Princeton Blog

3 Common Problems (and Solutions) When Working With Watercolor

Watercolors are inexpensive, easy to clean up after, and can lead to breathtaking effects without much practice. It’s no surprise that they’re one of the most popular mediums for beginner artists, but they can also be one of the most unforgiving and difficult to master.  

Unwanted borders and dark edges

One the big draws of working with watercolors is the ease of creating smooth blends and gradients, so it can be frustrating to end up with dark borders forming between colors as your work dries. Ironically, it’s often the fluidity of the paint that causes the problem.

When you add too much water or re-apply water to an area before it fully dries, it lets the pigment in the paint naturally flow outward. You end up with a light center and stark borders. This can be a useful technique when done intentionally but can cause inconsistent coloring if you aren’t careful.


  • Practice with different amounts of water to get an idea of how much you need to use to get the look your aiming for.
  • Keep some paper towels or an absorbent brush nearby to gently sop up any excess water.
  • If you aren’t happy with how the pigments have settled once it dries, you can rewet an area to get them flowing again and rework the area.

Making Mud

An important rule of working with watercolors is to start with light shades and build up to darker hues layer by layer. Each new coat can add depth to your hues but if you aren’t careful and deliberate, you can quickly end up with unwanted shades of brown and grey muddying up your once vibrant colors.

Mixing watercolors is tricky and mixing too many layers can get dreary fast. Keep it as simple as you can until you have a solid handle on how different colors blend together. Make sure to also let each section fully dry before moving on to a nearby piece, or your pigments will end up flowing into each other and becoming murky.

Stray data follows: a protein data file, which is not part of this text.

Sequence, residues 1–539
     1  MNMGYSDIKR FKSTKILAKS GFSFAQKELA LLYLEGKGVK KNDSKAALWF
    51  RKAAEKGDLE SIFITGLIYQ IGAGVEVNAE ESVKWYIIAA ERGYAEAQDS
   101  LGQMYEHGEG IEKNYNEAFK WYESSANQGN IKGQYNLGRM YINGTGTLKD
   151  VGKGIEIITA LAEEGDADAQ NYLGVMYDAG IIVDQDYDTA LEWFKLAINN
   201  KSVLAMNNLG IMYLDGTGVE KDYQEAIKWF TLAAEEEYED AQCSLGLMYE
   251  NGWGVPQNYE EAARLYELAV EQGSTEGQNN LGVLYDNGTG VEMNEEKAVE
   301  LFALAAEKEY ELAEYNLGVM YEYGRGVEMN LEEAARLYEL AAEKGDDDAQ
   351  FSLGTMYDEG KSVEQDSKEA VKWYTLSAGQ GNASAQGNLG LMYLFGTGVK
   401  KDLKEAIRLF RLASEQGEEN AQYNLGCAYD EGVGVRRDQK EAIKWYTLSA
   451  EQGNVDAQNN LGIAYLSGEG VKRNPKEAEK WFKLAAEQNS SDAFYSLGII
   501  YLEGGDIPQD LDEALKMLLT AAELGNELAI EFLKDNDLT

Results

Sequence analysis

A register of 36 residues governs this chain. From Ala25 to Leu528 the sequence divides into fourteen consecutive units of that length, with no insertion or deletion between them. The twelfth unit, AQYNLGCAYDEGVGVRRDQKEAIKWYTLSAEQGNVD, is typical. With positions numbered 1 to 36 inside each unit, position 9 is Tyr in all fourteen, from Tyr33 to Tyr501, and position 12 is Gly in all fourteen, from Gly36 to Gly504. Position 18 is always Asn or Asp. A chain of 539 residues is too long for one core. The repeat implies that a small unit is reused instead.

• Don’t try to blend too many different colors. Start simple and experiment on separate paper if you aren’t sure how a particular color will mix.
  • Replace your water frequently. Murky water can pollute any color in a way that isn’t always obvious until it’s too late.
  • More opaque paints will more easily lead to muddy paintings, more translucent paints are more forgiving.

Starting without a plan

Acrylic and oil paints have their own challenges, but you can often fix any mistake by simply painting over it. Watercolors are far more transparent, so covering things up – including hard sketch lines – isn’t usually an option.

Whites can also be a real point of frustration for artists working with watercolor. Almost all of the white in a painting has to come from the paper itself, and it can be next to impossible to salvage a white section once it’s been painted over.


  • Have a detailed plan before you begin, taking special note of what sections will remain white.
  • If you start with a sketched outline, use very light pencil lines so they don’t show through the paint.
  • You can remove some paint even after it dries by wetting the area and getting sopping it up with a paper towel or absorbent brush.


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